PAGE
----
December 2, 2011
Prospectus Hit and Run
Resetting the Standard
This time of year is a busy stretch if you're a Hall of Fame buff, or at least this particular Hall of Fame buff. The 2012 BBWAA ballot was released on Wednesday, adding 13 new candidates to the 14 holdovers from last year's ballot. I'll start digging into the details of those candidacies starting at some point late next week. Meanwhile, the vote on the Golden Era candidates will take place at the Winter Meetings in Dallas this coming Monday, December 5; alas, I think I’m actually going to be in the air when the results are announced, but I’ll weigh in upon arrival. Earlier this week, I had the opportunity to discuss some of the Golden Era candidates on television as part of my debut appearance on MLB Network's new show, “Clubhouse Confidential.” It wasn't my first time on TV, but I believe it was my first time discussing JAWS in that medium. Explaining the system concisely AND discussing the merits of a handful of candidates in a four-minute span was certainly a challenge, but host Brian Kenny and his producers seemed quite pleased with the segment, and there’s reason to believe that it won't be the last time I appear on the show.
Here is a clip of the appearance, if you didn’t get to see it:
Between trying to boil down the system to its essential talking points and continuing a discussion of the top candidates on the Golden Era ballot, I've been thinking about a few issues pertaining to JAWS and wondering if it isn't time for a tweak or two to the system. First off, it's important to recognize that the system just underwent a seismic shift, in that this year's data set marks the first one using Colin Wyers' formulation of WARP instead of Clay Davenport's. Higher replacement levels and different methods of measuring offensive, defensive, and pitching value have shaken up the standings of some candidates relative to the standards, which have shifted as well—after all, they're averages of individual player values. In general, the WARP values for most players are lower, and in some cases very different from what previous iterations or various competing systems have told us.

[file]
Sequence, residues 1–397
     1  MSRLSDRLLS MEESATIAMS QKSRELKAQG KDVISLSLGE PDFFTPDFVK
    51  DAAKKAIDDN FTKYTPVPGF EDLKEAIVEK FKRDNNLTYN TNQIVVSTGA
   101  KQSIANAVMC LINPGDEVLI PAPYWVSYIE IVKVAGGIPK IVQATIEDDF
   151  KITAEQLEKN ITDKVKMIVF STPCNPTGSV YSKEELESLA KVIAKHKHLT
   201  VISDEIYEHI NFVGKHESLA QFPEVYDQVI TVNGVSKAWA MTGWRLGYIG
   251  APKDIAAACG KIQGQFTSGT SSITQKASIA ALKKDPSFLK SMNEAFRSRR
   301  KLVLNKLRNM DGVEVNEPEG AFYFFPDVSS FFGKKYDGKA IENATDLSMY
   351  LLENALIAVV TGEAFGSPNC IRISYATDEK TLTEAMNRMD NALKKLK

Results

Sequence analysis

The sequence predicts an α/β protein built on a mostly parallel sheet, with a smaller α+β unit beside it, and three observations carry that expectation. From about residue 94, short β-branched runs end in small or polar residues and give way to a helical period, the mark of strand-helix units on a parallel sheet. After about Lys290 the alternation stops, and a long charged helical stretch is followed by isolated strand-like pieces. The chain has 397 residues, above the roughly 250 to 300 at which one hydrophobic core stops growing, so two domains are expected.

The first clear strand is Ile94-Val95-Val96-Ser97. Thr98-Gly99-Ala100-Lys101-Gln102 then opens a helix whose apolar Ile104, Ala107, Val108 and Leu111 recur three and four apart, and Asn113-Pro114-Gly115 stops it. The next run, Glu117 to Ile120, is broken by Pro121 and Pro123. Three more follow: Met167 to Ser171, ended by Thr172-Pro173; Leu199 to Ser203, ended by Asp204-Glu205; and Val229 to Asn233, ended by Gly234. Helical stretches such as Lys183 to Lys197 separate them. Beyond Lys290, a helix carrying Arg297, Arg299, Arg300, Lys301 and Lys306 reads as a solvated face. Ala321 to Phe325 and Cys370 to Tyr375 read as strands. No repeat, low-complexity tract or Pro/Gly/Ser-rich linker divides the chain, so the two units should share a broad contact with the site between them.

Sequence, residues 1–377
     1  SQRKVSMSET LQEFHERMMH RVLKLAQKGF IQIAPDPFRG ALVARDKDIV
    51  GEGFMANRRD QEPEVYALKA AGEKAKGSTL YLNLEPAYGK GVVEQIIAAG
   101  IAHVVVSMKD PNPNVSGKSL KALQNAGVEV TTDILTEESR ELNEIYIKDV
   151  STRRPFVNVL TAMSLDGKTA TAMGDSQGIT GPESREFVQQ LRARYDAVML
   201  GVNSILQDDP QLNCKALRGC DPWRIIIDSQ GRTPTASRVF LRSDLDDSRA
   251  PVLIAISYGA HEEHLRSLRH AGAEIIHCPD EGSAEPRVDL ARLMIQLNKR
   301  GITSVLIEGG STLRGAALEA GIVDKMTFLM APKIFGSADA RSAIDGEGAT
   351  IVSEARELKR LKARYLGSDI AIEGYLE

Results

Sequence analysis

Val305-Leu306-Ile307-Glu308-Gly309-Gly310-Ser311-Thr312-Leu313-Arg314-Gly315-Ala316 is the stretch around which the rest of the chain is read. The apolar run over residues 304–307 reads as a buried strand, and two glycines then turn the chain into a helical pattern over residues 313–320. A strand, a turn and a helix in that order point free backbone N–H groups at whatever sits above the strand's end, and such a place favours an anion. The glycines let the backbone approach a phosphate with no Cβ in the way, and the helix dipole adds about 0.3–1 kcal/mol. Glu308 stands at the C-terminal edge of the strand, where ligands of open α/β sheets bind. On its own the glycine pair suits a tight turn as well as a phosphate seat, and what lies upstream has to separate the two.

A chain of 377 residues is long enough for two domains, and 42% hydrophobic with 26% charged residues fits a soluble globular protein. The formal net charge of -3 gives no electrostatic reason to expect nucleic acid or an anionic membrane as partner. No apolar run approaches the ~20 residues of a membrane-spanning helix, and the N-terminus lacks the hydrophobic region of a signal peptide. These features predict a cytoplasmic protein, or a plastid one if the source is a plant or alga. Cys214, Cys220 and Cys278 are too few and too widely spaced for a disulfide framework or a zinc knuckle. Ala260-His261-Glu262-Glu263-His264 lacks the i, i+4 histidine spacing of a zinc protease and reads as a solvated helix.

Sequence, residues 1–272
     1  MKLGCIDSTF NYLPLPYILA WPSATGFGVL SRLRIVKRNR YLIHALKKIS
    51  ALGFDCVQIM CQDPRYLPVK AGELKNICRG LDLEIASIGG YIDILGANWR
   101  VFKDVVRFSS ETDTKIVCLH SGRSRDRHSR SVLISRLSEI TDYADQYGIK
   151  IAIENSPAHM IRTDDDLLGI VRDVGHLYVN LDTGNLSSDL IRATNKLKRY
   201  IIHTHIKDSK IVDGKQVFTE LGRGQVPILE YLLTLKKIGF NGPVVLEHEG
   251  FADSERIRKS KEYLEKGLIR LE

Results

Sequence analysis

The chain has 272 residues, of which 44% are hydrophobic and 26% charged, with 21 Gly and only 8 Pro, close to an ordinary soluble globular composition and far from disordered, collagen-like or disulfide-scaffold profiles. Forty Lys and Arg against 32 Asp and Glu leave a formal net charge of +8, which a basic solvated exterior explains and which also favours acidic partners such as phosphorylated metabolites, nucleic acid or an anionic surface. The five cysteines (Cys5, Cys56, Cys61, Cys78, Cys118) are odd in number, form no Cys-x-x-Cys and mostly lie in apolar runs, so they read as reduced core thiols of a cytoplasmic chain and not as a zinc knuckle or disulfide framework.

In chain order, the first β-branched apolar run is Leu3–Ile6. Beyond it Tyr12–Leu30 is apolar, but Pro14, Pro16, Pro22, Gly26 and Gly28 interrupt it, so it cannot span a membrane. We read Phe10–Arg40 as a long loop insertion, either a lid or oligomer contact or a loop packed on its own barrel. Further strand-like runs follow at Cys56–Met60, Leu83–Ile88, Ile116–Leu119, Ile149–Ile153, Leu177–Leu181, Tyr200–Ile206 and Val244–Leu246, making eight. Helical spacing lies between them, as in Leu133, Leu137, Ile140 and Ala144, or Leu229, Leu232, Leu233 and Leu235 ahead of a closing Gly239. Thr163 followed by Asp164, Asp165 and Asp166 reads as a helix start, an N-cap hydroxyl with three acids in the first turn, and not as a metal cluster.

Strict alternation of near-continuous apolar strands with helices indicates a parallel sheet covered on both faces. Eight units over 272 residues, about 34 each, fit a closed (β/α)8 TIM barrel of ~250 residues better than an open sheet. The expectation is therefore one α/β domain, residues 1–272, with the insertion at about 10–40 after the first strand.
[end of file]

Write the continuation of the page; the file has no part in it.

The changes themselves were a topic for considerable discussion in the comment thread of my Golden Era piece. One loyal reader voiced concern over the underlying changes to WARP and the way that they rendered previous work—not only on JAWS but with respect to a whole lot of other BP studies—outdated, asking us to rename the new methodology to avoid confusion and to maintain the old version as well. This is impractical. Consider how dismissive certain members of the mainstream sports media are of WAR because golly, there are two popular formulations of it out there. Evan Grant, the Dallas Morning News writer who gave Michael Young his sole first place vote in the 2011 AL MVP race, explained his vote by noting, "When somebody can quickly explain the complexities of the concept and standardize the WAR formula, I’ll spend more time with it. In the meantime, I’ll go with what my eyes told me."